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'Mwai Kibaki was best roads builder president'

By Wainaina Ndung’u | Apr 29th 2022 | 3 min read
Former President Mwai Kibaki (L, Front) attends the opening ceremony of the Nairobi-Thika Super Highway in Kenya, on November 9, 2012. [Xinhua, Ding Haitao]

Many Kenyans will agree that Mwai Kibaki was Kenya’s best road building president but they may be surprised about the particular project he was most proud of.

According to engineer Michael Kamau, a long-serving technocrat who was Permanent Secretary for Roads during Kibaki’s presidency, Kibaki was most proud of international corridors that linked Kenya to the East African community and the rest of Africa.

“Contrary to what many would expect to be the Sh30 billion Thika Superhighway, it was actually the shaping up of the 526-kilometre Isiolo - Marsabit - Moyale road that gave the former president immense joy,” recalled Kamau.

The Isiolo-Marsabit-Moyale road was built in four phases two delivered under the Kibaki government.

The 136-kilometre Isiolo - Merille bridge section and the Marsabit - Turbi section were completed just before Kibaki left power and the remaining phases under the Uhuru Ruto government.

Kibaki officially opened the Isiolo - Merille section in June 2011 and Kamau says that was an immensely happy moment for him.

He added that completion of projects spurring regional connectivity such as Athi River - Namanga - Arusha highway and the Mwatate -Taveta - Holili highway always made Kibaki happy and he would always agree to grace the launches.

Fertile hinterland

Kamau admits the Kibaki government was helped greatly by the growth of national revenues boosted by confidence of Kenyans which lead to high levels of tax compliance.

He said the initial focus of the Kibaki government was rehabilitation of the dilapidated national infrastructure backbone and completion of stalled projects.

“This was based on the Economic Recovery Strategy Paper,” said Kamau.

It was a planned effort and not ad hoc and you will remember he had inherited a country littered with eyesore of stalled projects.”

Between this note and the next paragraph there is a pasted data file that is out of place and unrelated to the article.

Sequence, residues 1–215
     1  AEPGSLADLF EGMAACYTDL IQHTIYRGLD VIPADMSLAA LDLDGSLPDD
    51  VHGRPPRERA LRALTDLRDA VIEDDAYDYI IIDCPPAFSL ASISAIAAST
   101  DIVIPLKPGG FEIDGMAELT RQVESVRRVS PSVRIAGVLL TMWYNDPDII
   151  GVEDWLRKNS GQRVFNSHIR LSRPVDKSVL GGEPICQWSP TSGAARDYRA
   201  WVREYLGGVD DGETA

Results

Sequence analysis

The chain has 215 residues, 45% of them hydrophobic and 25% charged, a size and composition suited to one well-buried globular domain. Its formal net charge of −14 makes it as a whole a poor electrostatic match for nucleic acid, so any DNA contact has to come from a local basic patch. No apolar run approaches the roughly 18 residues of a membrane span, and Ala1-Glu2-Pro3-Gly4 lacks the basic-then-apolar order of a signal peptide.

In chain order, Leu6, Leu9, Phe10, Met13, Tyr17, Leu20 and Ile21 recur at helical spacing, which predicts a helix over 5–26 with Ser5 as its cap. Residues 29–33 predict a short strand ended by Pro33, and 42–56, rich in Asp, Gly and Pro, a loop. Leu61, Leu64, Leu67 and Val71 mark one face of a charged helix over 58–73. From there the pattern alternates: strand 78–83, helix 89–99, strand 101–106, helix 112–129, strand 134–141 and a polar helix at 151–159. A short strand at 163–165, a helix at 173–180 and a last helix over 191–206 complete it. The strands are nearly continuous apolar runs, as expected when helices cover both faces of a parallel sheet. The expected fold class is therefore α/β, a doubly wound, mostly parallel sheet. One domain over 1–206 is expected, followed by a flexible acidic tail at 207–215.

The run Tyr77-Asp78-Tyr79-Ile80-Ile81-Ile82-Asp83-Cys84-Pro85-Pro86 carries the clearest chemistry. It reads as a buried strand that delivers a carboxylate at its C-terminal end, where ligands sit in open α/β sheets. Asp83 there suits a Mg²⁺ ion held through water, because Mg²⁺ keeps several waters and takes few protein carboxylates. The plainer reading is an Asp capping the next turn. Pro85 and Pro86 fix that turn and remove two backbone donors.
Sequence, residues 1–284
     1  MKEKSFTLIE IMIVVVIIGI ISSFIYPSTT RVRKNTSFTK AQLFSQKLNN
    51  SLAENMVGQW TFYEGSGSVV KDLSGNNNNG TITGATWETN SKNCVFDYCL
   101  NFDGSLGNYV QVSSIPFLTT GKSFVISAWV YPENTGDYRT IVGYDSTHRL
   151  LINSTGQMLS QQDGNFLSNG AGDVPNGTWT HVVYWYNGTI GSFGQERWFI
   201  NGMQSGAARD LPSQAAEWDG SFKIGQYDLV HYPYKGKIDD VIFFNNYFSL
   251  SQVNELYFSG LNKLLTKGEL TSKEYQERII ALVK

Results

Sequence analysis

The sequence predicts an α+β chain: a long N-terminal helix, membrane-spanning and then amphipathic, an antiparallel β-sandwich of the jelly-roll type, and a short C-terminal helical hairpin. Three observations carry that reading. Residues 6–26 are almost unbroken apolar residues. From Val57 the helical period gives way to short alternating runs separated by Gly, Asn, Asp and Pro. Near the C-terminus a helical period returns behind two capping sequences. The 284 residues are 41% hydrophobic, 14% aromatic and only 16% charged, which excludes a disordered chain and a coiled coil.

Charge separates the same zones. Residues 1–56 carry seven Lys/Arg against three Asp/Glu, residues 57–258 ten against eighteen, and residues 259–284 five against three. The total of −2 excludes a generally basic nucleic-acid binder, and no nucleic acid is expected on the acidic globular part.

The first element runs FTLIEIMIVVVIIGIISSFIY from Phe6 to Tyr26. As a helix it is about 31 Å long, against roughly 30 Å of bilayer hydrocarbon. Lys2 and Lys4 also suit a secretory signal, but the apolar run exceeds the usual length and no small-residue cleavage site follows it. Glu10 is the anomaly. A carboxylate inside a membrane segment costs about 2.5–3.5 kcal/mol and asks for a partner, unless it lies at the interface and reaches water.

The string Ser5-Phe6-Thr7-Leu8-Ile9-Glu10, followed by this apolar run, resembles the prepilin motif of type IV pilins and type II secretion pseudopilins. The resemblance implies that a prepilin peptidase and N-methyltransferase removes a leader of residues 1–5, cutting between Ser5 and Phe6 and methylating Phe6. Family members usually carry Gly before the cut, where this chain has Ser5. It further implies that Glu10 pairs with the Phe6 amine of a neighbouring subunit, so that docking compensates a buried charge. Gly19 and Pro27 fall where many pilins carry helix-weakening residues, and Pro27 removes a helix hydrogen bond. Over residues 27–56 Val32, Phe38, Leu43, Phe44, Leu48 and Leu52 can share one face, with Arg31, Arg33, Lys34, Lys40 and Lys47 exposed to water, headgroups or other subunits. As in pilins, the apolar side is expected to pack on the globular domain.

He cited Kagumo Teachers College’s uncompleted auditorium, the National Youth Service (NYS) Ruaraka and the General Service Unit (GSU) Reece Squad Headquarters as some of the stalled projects they gave priority in the first years.

“The Kisii-Chemosit road which served a fertile hinterland had been uncompleted for over 15 years and was one of the projects we gave priority,” recalled Kamau.

Infrastructure development

It was after they were through with the ERSP that they went on to the Vision 2030 blueprint projects such as Lapsset, the Konza Technopolis, Nairobi bypasses and Isiolo International Airport.

Kamau said the late president was proud when they started delivering road projects throughout the country.

“He approved that we set up the road agencies and supervision under the Boards run by the private sector,” said Kamau.

But he attributes the success of infrastructure development under Kibaki to the confidence boost that his government cultivated.

“That enabled partners including the European Union (EU), the World Bank, African Development Bank (ADB), Japan to come in and finance our projects easily,” added Kamau.

He said while previously the Chief Engineer - Roads supervised all road projects and was overwhelmed, the confidence boost and availability of funds enabled the government to hire consultants to design and supervise projects.

After the Kibaki government had set up a Pending Bills Verification Committee and cleared all genuine contractors, builders completed their projects in time and stopped cutting corners.

“We also for the first time started paying 10 percent of project cost in advance against bank guarantees enabling the contractors to roll out the projects fast and deliver in time to get the rest of their fees,” said Kamau.

Kamau said many Kenyans wrongly perceived the Kibaki government to have given contracts to big foreign firms when in the reality is that they worked hard to bring local contractors to the table.

“There was actually a lot of industrial strengthening. We encouraged the contractors to form the Roads and Civil Engineering Contractors Association (Raceca) which for the first brought women into the construction sector,” said Kamau.

Kamau said, like Kibaki, he was immensely proud of what they achieved and credit that many give the regime for reviving a dying sector.

“Very proud. Anytime even when I am asleep,” said Kamau.

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